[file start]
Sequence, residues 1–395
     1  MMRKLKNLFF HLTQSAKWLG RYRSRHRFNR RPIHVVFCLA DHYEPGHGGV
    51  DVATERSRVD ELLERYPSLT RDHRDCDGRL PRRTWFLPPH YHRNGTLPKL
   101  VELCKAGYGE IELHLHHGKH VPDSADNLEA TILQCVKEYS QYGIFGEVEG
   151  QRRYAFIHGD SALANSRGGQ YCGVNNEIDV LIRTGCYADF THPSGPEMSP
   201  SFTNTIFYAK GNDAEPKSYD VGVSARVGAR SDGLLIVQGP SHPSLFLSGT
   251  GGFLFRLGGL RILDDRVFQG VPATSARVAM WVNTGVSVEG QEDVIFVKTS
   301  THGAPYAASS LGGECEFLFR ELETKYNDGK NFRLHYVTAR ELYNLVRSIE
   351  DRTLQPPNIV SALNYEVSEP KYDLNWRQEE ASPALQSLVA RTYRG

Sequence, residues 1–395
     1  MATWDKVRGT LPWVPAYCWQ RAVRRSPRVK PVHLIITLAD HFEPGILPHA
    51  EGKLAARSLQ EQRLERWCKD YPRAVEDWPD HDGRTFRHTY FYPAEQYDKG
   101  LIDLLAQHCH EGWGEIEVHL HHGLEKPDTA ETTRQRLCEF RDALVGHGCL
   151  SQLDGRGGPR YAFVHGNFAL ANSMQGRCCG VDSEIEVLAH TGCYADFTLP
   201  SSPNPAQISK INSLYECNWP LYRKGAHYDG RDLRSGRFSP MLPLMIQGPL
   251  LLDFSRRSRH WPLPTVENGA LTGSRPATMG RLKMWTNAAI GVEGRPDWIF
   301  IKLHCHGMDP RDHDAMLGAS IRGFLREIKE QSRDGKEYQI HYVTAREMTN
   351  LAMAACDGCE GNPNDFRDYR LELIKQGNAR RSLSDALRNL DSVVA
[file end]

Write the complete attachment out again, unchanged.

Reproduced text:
Sequence, residues 1–395
     1  MMRKLKNLFF HLTQSAKWLG RYRSRHRFNR RPIHVVFCLA DHYEPGHGGV
    51  DVATERSRVD ELLERYPSLT RDHRDCDGRL PRRTWFLPPH YHRNGTLPKL
   101  VELCKAGYGE IELHLHHGKH VPDSADNLEA TILQCVKEYS QYGIFGEVEG
   151  QRRYAFIHGD SALANSRGGQ YCGVNNEIDV LIRTGCYADF THPSGPEMSP
   201  SFTNTIFYAK GNDAEPKSYD VGVSARVGAR SDGLLIVQGP SHPSLFLSGT
   251  GGFLFRLGGL RILDDRVFQG VPATSARVAM WVNTGVSVEG QEDVIFVKTS
   301  THGAPYAASS LGGECEFLFR ELETKYNDGK NFRLHYVTAR ELYNLVRSIE
   351  DRTLQPPNIV SALNYEVSEP KYDLNWRQEE ASPALQSLVA RTYRG

Sequence, residues 1–395
     1  MATWDKVRGT LPWVPAYCWQ RAVRRSPRVK PVHLIITLAD HFEPGILPHA
    51  EGKLAARSLQ EQRLERWCKD YPRAVEDWPD HDGRTFRHTY FYPAEQYDKG
   101  LIDLLAQHCH EGWGEIEVHL HHGLEKPDTA ETTRQRLCEF RDALVGHGCL
   151  SQLDGRGGPR YAFVHGNFAL ANSMQGRCCG VDSEIEVLAH TGCYADFTLP
   201  SSPNPAQISK INSLYECNWP LYRKGAHYDG RDLRSGRFSP MLPLMIQGPL
   251  LLDFSRRSRH WPLPTVENGA LTGSRPATMG RLKMWTNAAI GVEGRPDWIF
   301  IKLHCHGMDP RDHDAMLGAS IRGFLREIKE QSRDGKEYQI HYVTAREMTN
   351  LAMAACDGCE GNPNDFRDYR LELIKQGNAR RSLSDALRNL DSVVA